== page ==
Tuesday, November 26, 2002

Yesterday in my Technical Communication as Cultural Practice class, we had to present our paper topics. Unfortunately, I still at the time had five ideas for papers, which I presented, and the professor decided on the one that would work best. Here are my ideas; hopefully, I'll be able to write all these papers during my time here:

  1. The one that won the contest was a look at the assumptions that academia has about publishing and why online journals and blogs are still not considered impressive publications on a curriculum vitae. I'm going to use as my examples the journal Kairos and the blog Kairosnews. I will ask cultural studies methodology kinds of questions, like these: Why is the situation the way it is? Who benefits from the system that is currently in place? etc.
  2. The second one is about the use of blogs in pedagogy. For this one, I would discuss the use of a public class community blog instead of password-protected course management systems like WebCT and Blackboard, and also having each student keep his or her own blog for a research/freewriting/reading response tool. For the students, what are the effects of using blogs? I might look at this in an outcome-oriented way; in other words, I might approach this as both a teacher and a writing program administrator (which I'm not, of course. I'd be pretending.).
  3. Gender in the blogging community--is the blogging community sexist? There's a discussion about it at Blogroots. And, uh, there is this telling little blurb too. I am doing my final research proposal in my Research Methods class on this topic. I plan on sending out a survey to women who blog. Don't know exactly how I am going to phrase my questions just yet, but more on this soon.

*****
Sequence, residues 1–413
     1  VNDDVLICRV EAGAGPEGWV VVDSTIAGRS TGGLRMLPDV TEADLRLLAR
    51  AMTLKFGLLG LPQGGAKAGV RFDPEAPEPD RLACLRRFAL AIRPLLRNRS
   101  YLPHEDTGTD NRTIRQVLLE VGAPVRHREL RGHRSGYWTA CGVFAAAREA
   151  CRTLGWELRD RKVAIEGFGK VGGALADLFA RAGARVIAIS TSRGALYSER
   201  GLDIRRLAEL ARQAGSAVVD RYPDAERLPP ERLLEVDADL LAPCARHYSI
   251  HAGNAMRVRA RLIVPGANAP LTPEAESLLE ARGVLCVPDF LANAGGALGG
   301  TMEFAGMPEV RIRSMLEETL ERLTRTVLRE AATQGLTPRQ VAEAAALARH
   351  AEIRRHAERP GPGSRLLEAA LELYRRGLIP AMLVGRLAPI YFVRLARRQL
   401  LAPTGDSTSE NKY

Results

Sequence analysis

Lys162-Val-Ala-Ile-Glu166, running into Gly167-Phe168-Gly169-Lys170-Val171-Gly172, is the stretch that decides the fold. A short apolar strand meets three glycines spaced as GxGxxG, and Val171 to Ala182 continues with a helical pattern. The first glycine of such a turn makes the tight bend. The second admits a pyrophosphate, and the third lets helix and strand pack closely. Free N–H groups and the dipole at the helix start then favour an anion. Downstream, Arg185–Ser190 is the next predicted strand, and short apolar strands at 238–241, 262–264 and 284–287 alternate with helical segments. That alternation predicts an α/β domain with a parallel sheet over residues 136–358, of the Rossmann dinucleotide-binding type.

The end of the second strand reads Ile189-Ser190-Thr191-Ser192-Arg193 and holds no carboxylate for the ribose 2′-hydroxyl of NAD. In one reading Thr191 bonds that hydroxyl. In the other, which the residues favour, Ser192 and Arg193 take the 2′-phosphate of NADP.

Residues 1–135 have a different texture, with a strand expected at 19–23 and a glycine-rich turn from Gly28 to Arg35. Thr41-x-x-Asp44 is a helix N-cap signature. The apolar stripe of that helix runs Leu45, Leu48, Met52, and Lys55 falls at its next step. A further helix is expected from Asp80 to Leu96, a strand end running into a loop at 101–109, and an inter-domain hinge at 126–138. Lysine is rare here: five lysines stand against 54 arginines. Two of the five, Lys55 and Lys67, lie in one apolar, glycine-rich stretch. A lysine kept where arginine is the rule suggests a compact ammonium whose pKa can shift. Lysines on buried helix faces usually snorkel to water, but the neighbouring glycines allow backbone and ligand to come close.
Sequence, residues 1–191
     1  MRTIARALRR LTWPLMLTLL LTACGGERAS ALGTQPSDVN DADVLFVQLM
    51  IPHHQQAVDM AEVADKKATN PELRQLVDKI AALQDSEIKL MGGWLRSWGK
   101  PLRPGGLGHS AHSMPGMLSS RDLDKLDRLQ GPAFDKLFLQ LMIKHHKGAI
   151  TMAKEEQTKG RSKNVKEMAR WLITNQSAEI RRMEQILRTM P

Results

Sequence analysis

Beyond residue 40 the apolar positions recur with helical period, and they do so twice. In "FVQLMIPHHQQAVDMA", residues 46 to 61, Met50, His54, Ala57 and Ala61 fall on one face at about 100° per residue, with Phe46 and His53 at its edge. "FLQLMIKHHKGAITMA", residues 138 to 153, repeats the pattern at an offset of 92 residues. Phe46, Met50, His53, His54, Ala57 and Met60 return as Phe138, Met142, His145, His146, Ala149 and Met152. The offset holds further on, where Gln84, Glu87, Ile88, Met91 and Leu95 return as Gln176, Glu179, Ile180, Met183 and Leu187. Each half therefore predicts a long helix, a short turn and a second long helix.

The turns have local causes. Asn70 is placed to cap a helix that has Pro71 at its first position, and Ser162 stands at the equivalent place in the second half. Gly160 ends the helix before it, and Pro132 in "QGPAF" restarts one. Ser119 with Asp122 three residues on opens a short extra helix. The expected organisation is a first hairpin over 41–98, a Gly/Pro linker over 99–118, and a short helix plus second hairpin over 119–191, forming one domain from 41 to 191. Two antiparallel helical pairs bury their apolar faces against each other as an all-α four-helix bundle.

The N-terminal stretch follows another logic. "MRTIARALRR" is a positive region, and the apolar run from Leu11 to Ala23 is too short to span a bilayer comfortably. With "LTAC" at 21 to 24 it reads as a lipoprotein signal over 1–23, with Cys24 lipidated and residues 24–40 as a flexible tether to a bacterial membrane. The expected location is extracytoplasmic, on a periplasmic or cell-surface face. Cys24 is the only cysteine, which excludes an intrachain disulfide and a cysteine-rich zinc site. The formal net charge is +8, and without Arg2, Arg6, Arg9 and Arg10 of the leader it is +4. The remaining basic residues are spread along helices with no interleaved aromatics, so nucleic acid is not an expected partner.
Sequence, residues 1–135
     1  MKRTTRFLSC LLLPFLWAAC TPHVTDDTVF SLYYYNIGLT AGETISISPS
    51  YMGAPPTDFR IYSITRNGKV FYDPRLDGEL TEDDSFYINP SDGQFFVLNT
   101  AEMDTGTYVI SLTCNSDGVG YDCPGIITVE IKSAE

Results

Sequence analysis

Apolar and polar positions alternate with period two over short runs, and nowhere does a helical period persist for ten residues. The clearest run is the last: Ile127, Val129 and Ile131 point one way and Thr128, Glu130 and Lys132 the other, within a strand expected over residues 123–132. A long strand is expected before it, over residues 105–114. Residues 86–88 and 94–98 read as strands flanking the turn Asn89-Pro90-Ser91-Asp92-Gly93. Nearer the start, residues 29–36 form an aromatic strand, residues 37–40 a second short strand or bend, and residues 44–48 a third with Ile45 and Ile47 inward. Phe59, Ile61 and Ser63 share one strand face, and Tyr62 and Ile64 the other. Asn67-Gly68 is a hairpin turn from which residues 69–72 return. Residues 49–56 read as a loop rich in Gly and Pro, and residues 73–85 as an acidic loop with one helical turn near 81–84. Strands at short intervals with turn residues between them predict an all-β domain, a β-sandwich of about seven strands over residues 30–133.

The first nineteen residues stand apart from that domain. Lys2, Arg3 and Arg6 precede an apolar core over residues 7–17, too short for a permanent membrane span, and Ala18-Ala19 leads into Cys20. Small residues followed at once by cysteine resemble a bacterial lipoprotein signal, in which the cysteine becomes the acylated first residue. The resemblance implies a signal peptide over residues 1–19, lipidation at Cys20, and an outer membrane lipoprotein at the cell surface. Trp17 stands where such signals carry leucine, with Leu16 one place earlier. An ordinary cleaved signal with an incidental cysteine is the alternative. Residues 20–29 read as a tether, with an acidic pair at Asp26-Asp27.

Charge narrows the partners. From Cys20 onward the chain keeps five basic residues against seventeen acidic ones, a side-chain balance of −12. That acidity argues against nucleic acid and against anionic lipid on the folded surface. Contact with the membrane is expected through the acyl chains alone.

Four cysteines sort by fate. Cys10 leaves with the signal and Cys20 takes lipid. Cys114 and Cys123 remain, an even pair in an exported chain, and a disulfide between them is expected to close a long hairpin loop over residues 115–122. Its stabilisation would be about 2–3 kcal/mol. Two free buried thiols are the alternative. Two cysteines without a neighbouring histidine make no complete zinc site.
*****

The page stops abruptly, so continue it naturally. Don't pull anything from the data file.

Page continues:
4. Blogging and journalism: Is it true that journalists have gotten fired for expressing certain opinions on their blogs? Blogging has often been called peer-to-peer journalism. What are the intellectual property implications? JD has written quite a bit about blogging's connection to journalism. Are blogs reducing the traffic on news sites? If a friend of mine has a blog on, say, women's health issues, and sifts through a bunch of newspapers every day and filters out the women's health stories, I might just go to her blog rather than the New York Times online, etc. Obviously, this topic is only half-baked; actually, that's more than one paper too.
  5. Why do people post such personal information online? Why do so many people read the disclosures of strangers? Some have said that blog-reading is voyeuristic. I find this interesting and might write about it, possibly juxtaposing this idea with the Panopticon. Torill Mortensen and Jill Walker have argued (see jill/txt) on my blogroll for the article) that a blog occupies this space between public and private. They put it in a Habermas-ian framework.


Those are my ideas for now; more as they develop!